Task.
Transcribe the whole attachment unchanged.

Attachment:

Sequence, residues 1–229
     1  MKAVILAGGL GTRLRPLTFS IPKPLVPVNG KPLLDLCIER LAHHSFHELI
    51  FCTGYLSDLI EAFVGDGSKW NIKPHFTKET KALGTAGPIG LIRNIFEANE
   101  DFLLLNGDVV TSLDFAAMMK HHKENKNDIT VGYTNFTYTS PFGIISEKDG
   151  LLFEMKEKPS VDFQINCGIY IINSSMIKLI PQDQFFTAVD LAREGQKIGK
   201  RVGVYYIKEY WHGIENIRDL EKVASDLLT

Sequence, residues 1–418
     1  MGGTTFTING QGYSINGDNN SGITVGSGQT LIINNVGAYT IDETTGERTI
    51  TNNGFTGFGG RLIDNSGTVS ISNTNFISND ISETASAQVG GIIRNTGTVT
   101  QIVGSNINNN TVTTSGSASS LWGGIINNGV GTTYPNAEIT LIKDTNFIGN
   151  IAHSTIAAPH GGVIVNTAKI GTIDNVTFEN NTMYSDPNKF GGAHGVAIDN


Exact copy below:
Sequence, residues 1–229
     1  MKAVILAGGL GTRLRPLTFS IPKPLVPVNG KPLLDLCIER LAHHSFHELI
    51  FCTGYLSDLI EAFVGDGSKW NIKPHFTKET KALGTAGPIG LIRNIFEANE
   101  DFLLLNGDVV TSLDFAAMMK HHKENKNDIT VGYTNFTYTS PFGIISEKDG
   151  LLFEMKEKPS VDFQINCGIY IINSSMIKLI PQDQFFTAVD LAREGQKIGK
   201  RVGVYYIKEY WHGIENIRDL EKVASDLLT

Sequence, residues 1–418
     1  MGGTTFTING QGYSINGDNN SGITVGSGQT LIINNVGAYT IDETTGERTI
    51  TNNGFTGFGG RLIDNSGTVS ISNTNFISND ISETASAQVG GIIRNTGTVT
   101  QIVGSNINNN TVTTSGSASS LWGGIINNGV GTTYPNAEIT LIKDTNFIGN
   151  IAHSTIAAPH GGVIVNTAKI GTIDNVTFEN NTMYSDPNKF GGAHGVAIDN